“There’s this big building in Chicago called the Sears Tower. You heard of it?” Joseph Plumeri, chief executive of Willis Group Holdings, asked graduating seniors at the College of William & Mary. That’s also the way Plumeri would tell people how he planned to rename that skyscraper the Willis Tower.
Don’t just be a boss — be a leader. Maximize your leadership skills in the five most crucial areas: decision making, executive coaching, leadership training, strategic management and understanding your leadership style.
Situational leadership changes depending on the type of leadership (direction and support) each of your employee’s needs. Emotional leadership is based more on the theory of emotional intelligences and relates to the situation at hand.
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These days, crisis is the new normal. “The people who are going to thrive in the future are those who can use this pressure to excel, as oxygen. People who have translated very difficult circumstances into opportunity,” says Justin Menkes, author of Better Under Pressure. What characteristics do such leaders share?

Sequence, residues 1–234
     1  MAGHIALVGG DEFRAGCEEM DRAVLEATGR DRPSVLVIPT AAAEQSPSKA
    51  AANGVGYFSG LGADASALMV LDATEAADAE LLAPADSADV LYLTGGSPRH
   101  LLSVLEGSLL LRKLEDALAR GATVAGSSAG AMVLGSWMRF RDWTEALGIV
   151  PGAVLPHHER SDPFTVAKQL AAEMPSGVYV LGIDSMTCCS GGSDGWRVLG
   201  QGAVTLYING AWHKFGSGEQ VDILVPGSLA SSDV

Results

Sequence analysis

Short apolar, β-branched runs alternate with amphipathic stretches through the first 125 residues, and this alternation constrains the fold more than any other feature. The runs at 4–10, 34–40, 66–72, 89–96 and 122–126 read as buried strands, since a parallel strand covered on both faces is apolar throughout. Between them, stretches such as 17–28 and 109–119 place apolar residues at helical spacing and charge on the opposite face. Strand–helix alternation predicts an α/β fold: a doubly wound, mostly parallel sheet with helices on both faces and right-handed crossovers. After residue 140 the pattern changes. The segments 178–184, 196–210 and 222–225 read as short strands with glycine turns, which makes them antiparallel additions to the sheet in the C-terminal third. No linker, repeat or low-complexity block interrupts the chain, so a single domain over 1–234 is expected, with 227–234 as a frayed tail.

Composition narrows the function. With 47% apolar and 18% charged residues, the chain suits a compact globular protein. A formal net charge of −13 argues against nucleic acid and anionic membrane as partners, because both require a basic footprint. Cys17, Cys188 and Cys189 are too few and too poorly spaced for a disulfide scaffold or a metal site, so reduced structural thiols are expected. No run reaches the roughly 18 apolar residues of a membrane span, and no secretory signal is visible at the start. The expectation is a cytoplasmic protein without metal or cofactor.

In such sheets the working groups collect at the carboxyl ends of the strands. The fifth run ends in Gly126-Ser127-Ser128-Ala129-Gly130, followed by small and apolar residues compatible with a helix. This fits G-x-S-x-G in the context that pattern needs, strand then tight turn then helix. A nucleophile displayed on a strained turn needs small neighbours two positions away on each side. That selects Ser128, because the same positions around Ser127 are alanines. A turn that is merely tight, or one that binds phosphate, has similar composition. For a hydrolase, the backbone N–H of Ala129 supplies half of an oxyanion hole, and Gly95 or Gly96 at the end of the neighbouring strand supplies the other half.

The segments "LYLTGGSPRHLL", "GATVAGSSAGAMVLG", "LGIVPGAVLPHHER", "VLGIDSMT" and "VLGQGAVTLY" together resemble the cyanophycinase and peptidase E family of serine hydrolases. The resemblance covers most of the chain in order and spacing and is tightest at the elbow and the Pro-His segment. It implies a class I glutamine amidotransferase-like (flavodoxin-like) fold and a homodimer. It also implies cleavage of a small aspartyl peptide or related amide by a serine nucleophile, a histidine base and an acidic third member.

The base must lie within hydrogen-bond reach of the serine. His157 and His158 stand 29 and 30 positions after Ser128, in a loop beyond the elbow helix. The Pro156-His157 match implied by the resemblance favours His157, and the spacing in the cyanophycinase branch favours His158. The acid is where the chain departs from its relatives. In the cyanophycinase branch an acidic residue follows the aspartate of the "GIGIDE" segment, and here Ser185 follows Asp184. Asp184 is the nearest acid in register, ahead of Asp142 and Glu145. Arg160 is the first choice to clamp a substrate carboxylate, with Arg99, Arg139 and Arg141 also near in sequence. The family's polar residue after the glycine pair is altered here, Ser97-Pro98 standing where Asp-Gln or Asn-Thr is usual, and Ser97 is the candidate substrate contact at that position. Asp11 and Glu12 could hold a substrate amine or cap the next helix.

To pass the torch gracefully to Generations X and Y, boomers need to explain a few things: 1. Manners still matter. 2. Don’t reinvent the Edsel. 3. We care about spelling and grammar. 4. We need to feel valued and respected.
For a high achiever, the thought of doing a poor or even so-so job is abhorrent. That’s why so many leaders find their upward trajectory fizzle to a plateau. Rather than trying something new and risking poor performance, they lock into routine. How to get past self-imposed obstacles:
Predicted to earn more than $100 million in 2011, Lady Gaga is the latest darling of the leadership industry. Why? Because she has built a powerful brand and legions of followers by exuding charisma. A case study points out that Lady Gaga projects leadership by telling “three universal stories.”